Housing Vacancy Survey Report Q4 2018
Housing Tenure Trends Report Q4 2018
The U.S. homeownership increased for the 10th straight quarter to a seasonally-adjusted rate of 64.6% in Q4 2018, according to data from the Census Bureau’s Housing Vacancy Survey (HVS). The gain in the share of households owning since Q2 2016 now stands at 1.6% up from the recent nadir of 63.0%. The share of households that rent, meanwhile, decreased to 36.4%
The 0.2% change in tenure rates from the previous quarter is not statistically significant by itself but does represent an estimated net increase of 1.27 million owners – the largest such quarterly increase since Q1 of 1981. The estimated number of renters, meanwhile, decreased by 152,000 households since Q3 2018.
As noted in prior quarters, changes in national homeowner and rentership rates often mask divergent trends among subsets of households. Differences in tenure trends by age, race/ethnicity, and income reveal disparities in housing market affordability and access. They also determine whether long-standing gaps in homeownership rates narrow or widen over time.
Updated graphics below demonstrate for whom tenure rates are changing the most, whether through increases in homeownership or rentership rates. These data also remind us that despite national gains in homeownership, millions of American households rely on rental units provided by private landlords to meet their shelter needs. It is crucial that the housing stock maintain and develop a diverse set of housing options so that all households, regardless of tenure choice, have access to suitable and affordable living quarters.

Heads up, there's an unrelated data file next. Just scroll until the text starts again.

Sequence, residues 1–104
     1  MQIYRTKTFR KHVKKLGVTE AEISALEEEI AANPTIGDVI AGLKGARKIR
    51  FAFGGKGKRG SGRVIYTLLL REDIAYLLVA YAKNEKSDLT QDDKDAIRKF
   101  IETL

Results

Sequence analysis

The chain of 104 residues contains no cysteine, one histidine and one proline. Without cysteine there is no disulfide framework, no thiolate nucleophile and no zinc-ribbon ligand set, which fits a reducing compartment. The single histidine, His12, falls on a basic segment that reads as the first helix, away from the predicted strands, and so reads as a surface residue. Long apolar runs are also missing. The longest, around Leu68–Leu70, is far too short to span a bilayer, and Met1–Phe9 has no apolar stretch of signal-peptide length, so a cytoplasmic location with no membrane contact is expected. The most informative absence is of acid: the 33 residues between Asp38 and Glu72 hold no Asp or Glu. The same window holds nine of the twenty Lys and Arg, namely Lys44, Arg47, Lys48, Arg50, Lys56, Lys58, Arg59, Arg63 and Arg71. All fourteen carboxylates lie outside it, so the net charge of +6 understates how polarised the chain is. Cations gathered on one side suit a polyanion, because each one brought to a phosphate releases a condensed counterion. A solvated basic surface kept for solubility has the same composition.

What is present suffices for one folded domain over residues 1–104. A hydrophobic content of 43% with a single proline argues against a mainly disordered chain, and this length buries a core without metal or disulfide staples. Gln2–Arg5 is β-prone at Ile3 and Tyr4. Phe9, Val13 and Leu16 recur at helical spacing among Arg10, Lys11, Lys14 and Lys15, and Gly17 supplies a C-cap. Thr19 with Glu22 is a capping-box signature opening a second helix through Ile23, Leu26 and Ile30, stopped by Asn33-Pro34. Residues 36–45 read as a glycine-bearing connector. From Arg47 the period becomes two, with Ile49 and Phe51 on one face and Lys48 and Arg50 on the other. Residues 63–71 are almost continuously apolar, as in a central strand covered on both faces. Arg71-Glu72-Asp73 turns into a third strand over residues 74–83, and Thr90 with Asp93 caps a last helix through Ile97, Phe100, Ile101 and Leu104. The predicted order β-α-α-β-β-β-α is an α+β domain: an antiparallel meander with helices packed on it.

National Tenure Trends
The recent increase in the national homeownership rate continued the trend of recovery from the dramatic downturn after the end of the 1994-2004 homeownership boom. The current homeownership rate of 64.6%, however, remains well below the series peak of 69.4% in 2004, as well as the long-term (1980-2018) average of 65.6%. The opposite is true of renters, whose share of households declined from their recent peak of 37.1%. but remain above their long-term average of 34.4%
The shifts in tenure rates by quarter, though small, can have big impacts on the estimated number of owner and renter households. Over 79 million U.S. households now own their home – a new record for this data series - while just over 43 million rent. Caution is advised in interpreting these estimated numbers, however, which differ from official counts reported by other Census Bureau surveys.
Quarterly Tenure and Housing Cost Indices
Another way to asses changes in tenure rates over time is to look at their indexed values relative to their 1980 levels, as shown below. Due to lower shares of renter households overall, shifts in rentership rates appear more dramatic than the same percentage-point changes in homeownership rates.
Comparing indexed tenure rates to housing cost trends shows some disconnect, however, between demand and prices. Rental costs continue to rise, even as the share of renting households declines. Increases in house prices, meanwhile, are outpacing rental costs.
Tenure Trends by Age
Tenure rates have long shown a distinct pattern by age, with each group generally experiencing higher homeownership rates and lower rentership rates relative to younger age cohorts. The one exception to this trend was seniors over age 65 prior to 2008, when Baby-Boomers began filtering into this age group and elevated their homeownership rate relative to 55-64-year-olds.
While seniors were increasing their homeownership rate, other age groups were seeing rising rentership rates coinciding with the housing market downturn. The youngest age groups were most impacted, with the largest absolute change in their tenure rates, though on an indexed basis 45-64 year-olds had more dramatic increases in rentership rates relative to their low shares of renter households during the housing boom.